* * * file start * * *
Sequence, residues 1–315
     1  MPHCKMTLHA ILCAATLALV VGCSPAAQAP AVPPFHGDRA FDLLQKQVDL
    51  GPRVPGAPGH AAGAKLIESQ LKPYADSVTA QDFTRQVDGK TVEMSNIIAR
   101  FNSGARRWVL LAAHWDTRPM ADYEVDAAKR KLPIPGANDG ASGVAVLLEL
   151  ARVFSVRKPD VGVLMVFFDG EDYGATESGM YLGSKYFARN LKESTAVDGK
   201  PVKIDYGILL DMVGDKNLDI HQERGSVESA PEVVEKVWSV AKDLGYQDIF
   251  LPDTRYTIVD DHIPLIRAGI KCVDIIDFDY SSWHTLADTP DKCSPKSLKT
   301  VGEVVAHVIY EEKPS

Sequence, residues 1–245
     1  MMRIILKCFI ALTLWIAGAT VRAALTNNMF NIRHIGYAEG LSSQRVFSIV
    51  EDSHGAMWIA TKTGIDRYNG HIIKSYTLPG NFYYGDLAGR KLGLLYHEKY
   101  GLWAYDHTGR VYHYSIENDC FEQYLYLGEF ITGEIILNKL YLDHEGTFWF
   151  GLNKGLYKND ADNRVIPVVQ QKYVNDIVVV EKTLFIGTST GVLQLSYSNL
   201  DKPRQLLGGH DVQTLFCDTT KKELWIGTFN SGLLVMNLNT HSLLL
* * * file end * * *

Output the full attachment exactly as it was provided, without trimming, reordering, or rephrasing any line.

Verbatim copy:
Sequence, residues 1–315
     1  MPHCKMTLHA ILCAATLALV VGCSPAAQAP AVPPFHGDRA FDLLQKQVDL
    51  GPRVPGAPGH AAGAKLIESQ LKPYADSVTA QDFTRQVDGK TVEMSNIIAR
   101  FNSGARRWVL LAAHWDTRPM ADYEVDAAKR KLPIPGANDG ASGVAVLLEL
   151  ARVFSVRKPD VGVLMVFFDG EDYGATESGM YLGSKYFARN LKESTAVDGK
   201  PVKIDYGILL DMVGDKNLDI HQERGSVESA PEVVEKVWSV AKDLGYQDIF
   251  LPDTRYTIVD DHIPLIRAGI KCVDIIDFDY SSWHTLADTP DKCSPKSLKT
   301  VGEVVAHVIY EEKPS

Sequence, residues 1–245
     1  MMRIILKCFI ALTLWIAGAT VRAALTNNMF NIRHIGYAEG LSSQRVFSIV
    51  EDSHGAMWIA TKTGIDRYNG HIIKSYTLPG NFYYGDLAGR KLGLLYHEKY
   101  GLWAYDHTGR VYHYSIENDC FEQYLYLGEF ITGEIILNKL YLDHEGTFWF
   151  GLNKGLYKND ADNRVIPVVQ QKYVNDIVVV EKTLFIGTST GVLQLSYSNL
   201  DKPRQLLGGH DVQTLFCDTT KKELWIGTFN SGLLVMNLNT HSLLL